U.S. nursing homes are gearing up for coronavirus antigen testing at the point of care following a commitment by the federal government to distribute equipment.
The U.S. Department of Health and Human Services (HHS) on July 14 announced plans for a one-time procurement of point-of-care antigen testing equipment, which will be distributed to long-term care facilities to enable onsite assessment. In a statement about the plan, the HHS noted that the equipment will be cleared by the U.S. Food and Drug Administration. Currently, two antigen testing products have an emergency use authorization -- Becton Dickinson's Veritor system and Quidel's Sofia 2 unit.
The plan initially is to distribute 2,000 tests, with a focus on hotspot geographic areas and facilities prioritized by the U.S. Centers for Medicare and Medicaid Services (CMS), the HHS explained in a statement.
"Each nursing home will receive one diagnostic test instrument and associated tests," the HHS said. "Following initial distribution, nursing homes can procure additional tests directly from the respective manufacturers."
Becton Dickinson announced this week that the HHS has ordered 2,000 of its Veritor Plus systems and 750,000 SARS-CoV-2 antigen test kits.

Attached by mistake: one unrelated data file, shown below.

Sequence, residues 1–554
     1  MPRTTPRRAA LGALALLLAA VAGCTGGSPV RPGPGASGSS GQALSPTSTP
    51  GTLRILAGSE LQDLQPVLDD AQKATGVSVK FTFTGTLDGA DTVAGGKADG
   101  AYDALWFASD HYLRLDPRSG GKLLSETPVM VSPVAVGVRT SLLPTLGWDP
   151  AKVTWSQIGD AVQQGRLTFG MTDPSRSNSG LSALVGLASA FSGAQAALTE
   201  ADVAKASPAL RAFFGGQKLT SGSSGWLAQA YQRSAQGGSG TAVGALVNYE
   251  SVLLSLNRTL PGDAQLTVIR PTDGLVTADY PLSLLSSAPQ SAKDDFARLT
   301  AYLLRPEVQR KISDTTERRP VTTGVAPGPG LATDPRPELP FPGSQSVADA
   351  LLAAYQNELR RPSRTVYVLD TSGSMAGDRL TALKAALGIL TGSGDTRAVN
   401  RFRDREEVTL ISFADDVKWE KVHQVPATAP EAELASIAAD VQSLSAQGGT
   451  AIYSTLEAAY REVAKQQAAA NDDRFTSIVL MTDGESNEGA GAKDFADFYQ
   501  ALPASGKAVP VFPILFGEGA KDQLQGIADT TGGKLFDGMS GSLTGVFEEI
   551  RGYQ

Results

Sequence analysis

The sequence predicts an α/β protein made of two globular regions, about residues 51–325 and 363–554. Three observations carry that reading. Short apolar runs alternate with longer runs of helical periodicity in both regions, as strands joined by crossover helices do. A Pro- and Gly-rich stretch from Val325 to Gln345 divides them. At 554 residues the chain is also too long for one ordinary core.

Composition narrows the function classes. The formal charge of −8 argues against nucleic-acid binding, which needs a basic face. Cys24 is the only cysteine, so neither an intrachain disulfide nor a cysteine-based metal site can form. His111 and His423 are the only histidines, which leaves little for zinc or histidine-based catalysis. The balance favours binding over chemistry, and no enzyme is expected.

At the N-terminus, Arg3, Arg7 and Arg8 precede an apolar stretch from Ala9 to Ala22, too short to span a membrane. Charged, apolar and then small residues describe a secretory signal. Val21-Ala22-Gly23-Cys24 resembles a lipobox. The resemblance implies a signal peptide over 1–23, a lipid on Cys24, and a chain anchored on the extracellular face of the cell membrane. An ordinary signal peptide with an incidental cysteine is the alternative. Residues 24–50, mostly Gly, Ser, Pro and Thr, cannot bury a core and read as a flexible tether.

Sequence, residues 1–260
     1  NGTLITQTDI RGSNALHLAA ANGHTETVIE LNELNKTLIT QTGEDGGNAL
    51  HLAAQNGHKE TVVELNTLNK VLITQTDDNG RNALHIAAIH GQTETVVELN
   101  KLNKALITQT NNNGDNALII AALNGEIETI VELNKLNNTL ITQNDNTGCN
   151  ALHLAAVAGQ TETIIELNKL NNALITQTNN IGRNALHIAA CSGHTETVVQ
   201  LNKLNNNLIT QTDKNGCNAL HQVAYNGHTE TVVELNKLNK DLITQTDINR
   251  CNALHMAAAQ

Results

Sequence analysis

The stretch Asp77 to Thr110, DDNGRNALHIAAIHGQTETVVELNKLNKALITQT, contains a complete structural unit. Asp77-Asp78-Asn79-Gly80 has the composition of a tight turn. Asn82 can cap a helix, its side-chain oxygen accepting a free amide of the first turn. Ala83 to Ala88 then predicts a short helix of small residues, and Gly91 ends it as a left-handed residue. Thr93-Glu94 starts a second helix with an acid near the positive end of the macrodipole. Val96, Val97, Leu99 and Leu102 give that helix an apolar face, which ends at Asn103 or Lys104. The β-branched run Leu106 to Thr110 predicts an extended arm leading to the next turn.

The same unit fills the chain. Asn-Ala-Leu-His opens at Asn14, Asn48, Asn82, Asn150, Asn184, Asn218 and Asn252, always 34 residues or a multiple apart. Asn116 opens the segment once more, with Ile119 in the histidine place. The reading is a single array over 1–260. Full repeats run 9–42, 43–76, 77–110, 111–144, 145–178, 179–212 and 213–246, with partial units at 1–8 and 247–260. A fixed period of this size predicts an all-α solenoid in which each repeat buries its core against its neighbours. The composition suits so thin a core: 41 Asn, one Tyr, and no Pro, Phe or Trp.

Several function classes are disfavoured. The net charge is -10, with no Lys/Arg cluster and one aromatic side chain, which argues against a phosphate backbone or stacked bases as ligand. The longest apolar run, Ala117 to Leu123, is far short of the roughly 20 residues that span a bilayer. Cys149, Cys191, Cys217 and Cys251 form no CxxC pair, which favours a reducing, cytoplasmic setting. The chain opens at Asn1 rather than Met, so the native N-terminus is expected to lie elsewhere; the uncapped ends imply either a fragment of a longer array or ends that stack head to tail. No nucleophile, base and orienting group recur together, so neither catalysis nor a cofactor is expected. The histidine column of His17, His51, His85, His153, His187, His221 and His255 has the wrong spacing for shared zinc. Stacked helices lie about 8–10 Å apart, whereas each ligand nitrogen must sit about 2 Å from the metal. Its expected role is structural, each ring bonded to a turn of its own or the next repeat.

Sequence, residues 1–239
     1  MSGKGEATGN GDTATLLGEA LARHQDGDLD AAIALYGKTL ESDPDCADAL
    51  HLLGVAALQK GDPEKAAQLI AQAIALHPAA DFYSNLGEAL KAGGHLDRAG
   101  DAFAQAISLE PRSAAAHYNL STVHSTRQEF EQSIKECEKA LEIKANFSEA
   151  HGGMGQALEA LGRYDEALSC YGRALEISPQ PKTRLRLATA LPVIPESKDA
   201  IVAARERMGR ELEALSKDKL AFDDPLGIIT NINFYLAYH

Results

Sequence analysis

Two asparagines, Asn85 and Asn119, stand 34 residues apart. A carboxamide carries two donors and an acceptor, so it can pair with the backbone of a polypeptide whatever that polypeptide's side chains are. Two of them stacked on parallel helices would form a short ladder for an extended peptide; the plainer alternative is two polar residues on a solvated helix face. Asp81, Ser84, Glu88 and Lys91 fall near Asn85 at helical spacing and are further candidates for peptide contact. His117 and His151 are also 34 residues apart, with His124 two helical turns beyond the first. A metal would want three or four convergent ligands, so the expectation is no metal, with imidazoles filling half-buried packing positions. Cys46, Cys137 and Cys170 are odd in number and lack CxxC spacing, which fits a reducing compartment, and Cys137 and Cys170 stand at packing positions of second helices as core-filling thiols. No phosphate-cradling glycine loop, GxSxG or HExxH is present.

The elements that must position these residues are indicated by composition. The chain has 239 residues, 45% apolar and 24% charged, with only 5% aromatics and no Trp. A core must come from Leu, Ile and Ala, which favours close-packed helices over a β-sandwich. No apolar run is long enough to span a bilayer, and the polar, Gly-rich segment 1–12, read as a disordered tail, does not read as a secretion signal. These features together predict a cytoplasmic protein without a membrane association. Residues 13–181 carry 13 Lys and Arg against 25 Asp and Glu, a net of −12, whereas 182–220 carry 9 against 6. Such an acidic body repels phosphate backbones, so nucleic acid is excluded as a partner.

The American Health Care Association and National Center for Assisted Living (AHCA/NCAL), which represents about 14,000 facilities, said that it welcomed news of the distribution of point-of-care testing equipment. A survey of member facilities indicated that testing turnaround has been taking too long and the AHCA/NCAL has been lobbying for onsite testing resources.
During a White House Coronavirus Task Force press briefing on July 14 in Baton Rouge, LA, testing coordinator Admiral Dr. Brett Giroir said that nursing home staff should be screened once a week to ensure they are not unintentionally bringing the virus into the facility. The point-of-care instruments can carry out 20 tests per hour on the spot, Giroir noted.
The government aims to start with distributing equipment to 2,000 facilities that are at risk based on the prevalence of the virus in their communities and assessment by the CMS, but will work toward providing access to all 15,400 nursing homes in the country, Giroir said. Equipment will be distributed in the coming weeks.
Giroir said that the move was not just an acquisition or merely about "writing a check." Rather, it represents the culmination of about two months of work to develop the technology and is part of a comprehensive plan to protect seniors, he said.